Technology is expanding educational opportunities and could, to some degree, level the playing field for college-bound students from lower-income school districts.
New York State Education Department several years ago launched a statewide virtual learning initiative to support school districts that wanted to provide online and blended learning opportunities. As part of that effort, the state made a series of grants available to districts, and in December 2012, a virtual learning grant awarded a consortium of Capital Region BOCES and seven area districts the ability to offer Advanced Placement (AP) classes that otherwise would not be available to their students.
“We never had AP Statistics before,” said Marc Weiss, a social studies teacher at Cobleskill-Richmondville High School, one of the districts in the grant consortium. “The program really opens up the students to having more Advanced Placement classes. It puts small schools or rural schools like us on par with urban or suburban districts.”
Districts facing financial challenges are often forced to cut AP classes. Yet, colleges frequently consider the rigor of a student’s coursework in the admissions process. The consensus is that if a student can handle the demands of an AP class, they are better suited to the challenges of college academics.
As districts look to expand educational opportunities for students, virtual classes may become more the norm. Educators and students say the format and rigor of virtual AP courses is excellent preparation for college. Students meet with their teacher once per week via teleconference, then are responsible for performing the work on their own.
“It puts the onus of education on the students completely,” said Weiss. “Virtual AP classes help bridge the gap between high school and college because the hand-holding is off.”
Kirsten DeMento, director of curriculum at Watervliet City School District, said the classes also help students learn to budget time. “They have to plan ahead to get all the work done. They have to learn to communicate with fellow students in the virtual world to get projects done.”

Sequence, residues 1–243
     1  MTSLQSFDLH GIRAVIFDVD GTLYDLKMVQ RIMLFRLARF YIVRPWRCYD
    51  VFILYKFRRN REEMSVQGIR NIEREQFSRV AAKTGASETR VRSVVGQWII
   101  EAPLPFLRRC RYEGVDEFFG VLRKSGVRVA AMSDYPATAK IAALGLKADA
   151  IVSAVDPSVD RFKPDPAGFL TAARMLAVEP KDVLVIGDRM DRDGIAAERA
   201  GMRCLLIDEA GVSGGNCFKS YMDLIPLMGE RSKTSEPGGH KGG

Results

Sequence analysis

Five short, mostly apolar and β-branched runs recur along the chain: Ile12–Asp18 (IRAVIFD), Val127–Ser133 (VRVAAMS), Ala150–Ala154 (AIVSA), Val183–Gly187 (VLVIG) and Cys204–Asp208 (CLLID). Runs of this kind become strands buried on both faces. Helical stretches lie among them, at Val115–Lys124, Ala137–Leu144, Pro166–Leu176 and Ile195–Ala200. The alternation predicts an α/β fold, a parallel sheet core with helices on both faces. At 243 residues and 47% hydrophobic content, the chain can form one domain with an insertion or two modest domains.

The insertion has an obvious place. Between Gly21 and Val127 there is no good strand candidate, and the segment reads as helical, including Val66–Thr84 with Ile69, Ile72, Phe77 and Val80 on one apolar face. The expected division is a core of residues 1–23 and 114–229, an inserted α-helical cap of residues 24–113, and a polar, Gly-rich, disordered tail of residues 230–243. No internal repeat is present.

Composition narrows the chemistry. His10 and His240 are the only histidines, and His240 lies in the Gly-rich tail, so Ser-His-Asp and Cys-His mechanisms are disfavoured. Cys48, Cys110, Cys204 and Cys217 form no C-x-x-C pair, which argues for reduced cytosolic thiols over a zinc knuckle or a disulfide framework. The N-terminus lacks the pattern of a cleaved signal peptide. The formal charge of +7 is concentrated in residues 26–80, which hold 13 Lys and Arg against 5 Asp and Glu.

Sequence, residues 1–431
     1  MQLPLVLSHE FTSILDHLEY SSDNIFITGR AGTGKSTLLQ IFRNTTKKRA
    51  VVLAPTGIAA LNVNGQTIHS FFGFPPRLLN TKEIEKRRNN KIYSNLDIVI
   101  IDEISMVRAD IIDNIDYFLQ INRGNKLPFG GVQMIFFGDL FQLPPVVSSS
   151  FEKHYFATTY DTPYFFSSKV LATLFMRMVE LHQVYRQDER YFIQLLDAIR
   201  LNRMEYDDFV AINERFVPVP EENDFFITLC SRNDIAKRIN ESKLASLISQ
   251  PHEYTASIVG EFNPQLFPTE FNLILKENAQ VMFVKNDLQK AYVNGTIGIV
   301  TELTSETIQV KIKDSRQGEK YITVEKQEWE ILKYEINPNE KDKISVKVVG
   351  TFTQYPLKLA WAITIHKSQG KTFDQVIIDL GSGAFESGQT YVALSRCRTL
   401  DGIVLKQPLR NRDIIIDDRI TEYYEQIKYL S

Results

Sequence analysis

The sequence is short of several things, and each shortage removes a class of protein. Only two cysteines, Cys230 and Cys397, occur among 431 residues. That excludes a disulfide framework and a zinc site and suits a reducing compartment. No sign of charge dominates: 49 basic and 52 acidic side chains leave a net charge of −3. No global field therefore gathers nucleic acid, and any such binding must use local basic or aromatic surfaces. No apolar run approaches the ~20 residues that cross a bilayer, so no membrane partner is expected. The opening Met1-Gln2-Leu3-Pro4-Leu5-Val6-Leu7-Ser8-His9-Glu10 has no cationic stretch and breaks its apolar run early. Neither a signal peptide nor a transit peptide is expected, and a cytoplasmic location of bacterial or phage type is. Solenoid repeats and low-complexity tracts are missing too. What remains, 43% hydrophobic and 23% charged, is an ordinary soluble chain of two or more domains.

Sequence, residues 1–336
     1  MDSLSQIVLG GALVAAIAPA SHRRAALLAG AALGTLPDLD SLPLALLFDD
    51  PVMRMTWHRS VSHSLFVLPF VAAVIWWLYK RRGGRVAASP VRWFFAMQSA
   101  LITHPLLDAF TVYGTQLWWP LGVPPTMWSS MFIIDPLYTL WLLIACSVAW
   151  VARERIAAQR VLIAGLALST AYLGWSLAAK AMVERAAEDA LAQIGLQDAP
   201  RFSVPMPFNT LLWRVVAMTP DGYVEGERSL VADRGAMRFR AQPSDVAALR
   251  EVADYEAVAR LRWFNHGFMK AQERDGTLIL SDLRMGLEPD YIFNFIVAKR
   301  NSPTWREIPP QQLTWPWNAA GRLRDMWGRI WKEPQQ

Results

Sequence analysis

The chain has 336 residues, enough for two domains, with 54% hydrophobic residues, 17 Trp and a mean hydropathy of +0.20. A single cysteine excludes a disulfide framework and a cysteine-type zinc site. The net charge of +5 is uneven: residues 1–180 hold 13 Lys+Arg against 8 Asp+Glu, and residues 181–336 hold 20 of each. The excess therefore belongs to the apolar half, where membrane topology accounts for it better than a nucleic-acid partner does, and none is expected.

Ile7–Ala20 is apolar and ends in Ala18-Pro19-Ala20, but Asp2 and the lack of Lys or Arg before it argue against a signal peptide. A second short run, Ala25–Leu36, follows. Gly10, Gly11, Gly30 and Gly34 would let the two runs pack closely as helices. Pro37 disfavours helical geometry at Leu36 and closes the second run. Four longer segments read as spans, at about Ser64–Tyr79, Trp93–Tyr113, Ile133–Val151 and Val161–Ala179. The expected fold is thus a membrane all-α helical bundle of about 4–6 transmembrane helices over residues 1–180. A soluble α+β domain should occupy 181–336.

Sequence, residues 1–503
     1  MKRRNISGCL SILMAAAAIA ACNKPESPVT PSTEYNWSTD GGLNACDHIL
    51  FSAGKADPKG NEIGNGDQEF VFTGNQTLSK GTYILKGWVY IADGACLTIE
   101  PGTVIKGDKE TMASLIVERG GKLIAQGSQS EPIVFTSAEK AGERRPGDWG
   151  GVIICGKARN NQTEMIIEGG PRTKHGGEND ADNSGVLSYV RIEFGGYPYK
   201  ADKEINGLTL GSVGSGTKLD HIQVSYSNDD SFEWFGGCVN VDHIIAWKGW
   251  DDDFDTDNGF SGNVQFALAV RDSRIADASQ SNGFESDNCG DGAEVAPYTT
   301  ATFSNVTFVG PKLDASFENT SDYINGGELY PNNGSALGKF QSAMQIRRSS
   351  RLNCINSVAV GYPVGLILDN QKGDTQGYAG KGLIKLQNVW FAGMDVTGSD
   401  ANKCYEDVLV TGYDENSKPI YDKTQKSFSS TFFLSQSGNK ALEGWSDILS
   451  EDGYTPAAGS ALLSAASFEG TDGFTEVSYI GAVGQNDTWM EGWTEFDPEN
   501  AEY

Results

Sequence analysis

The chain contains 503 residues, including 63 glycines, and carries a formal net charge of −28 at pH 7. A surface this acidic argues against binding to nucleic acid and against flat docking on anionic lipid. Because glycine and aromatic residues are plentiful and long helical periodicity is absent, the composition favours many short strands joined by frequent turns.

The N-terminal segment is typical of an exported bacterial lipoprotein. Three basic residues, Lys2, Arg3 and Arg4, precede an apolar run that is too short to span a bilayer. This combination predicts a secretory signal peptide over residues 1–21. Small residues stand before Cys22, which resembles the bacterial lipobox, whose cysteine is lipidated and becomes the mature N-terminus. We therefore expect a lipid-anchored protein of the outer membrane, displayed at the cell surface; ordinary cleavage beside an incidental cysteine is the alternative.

Colleen Sheehan, a Spanish teacher at Cobleskill-Richmondville, said the VAP program teaches students to advocate for themselves. “If they have a problem, they can’t just find their teacher in school,” she said. “It teaches the students how to be much more organized. Those who are successful figure that out very quickly.”
Anna Sager, a senior at C-RHS, said she knows she will have a foreign language requirement in college, and the AP Spanish class offered the opportunity to earn those credits before leaving high school.
“It challenges you and shows you what an online course is really like. It brings you to a whole new academic level,” she said. “I learned that if I just apply myself, it’s not as difficult. I pay attention to due dates, and work little by little, day by day.”
Weiss said the experience has helped him gain perspective on distance learning as a teacher. “The VAP program really shows you and the students the power of learning on the internet and the world that’s out there, that students can learn on their own and gain knowledge with a guide to help them on their way,” said Weiss.
Watervliet students had some advice for others thinking about an online class.
“Waiting until the last minute is not the best strategy with a class like this,” said Justyn McHarg. “You can’t procrastinate and expect to be successful, especially with a college-level course.”
“Keep up with the reading,” added Sarah Luce. “There’s a lot of reading involved so being able to manage your time and get all the reading done can be a challenge.”
NYSED lists the following benefits of distance learning:
- Enables districts to offer courses to their students that they might not otherwise have access to.
- Provides flexibility in scheduling of courses.
- Allows students to take college level courses without leaving their building.
- Expands course offerings to students through videoconferencing or online courses.
- Enables students to learn and operate in a setting that is comfortable to them.
- Enhances creativity and collaboration.
- Encourages differentiated instruction.
- Allows students to be exposed to experts around the globe.
- Breaks down geographic barriers to education, bridging communities together.
- Learn about the New York State Distance Learning Consortium
- NYSED offers guidance on online and blended learning
- A US News & World Report story looks at states that require online learning for graduation.
- College Board offers insight on the benefits of AP classes in Work Toward College Success
- AP is a program for high school students developed by the College Board, an organization that creates and administers standardized tests used in the college admission process. The program offers college-level curricula, and most U.S. colleges and universities provide course credit to students who obtain high scores on AP exams.
Copyright ©2015 by Parent Today and Capital Region BOCES; Used with permission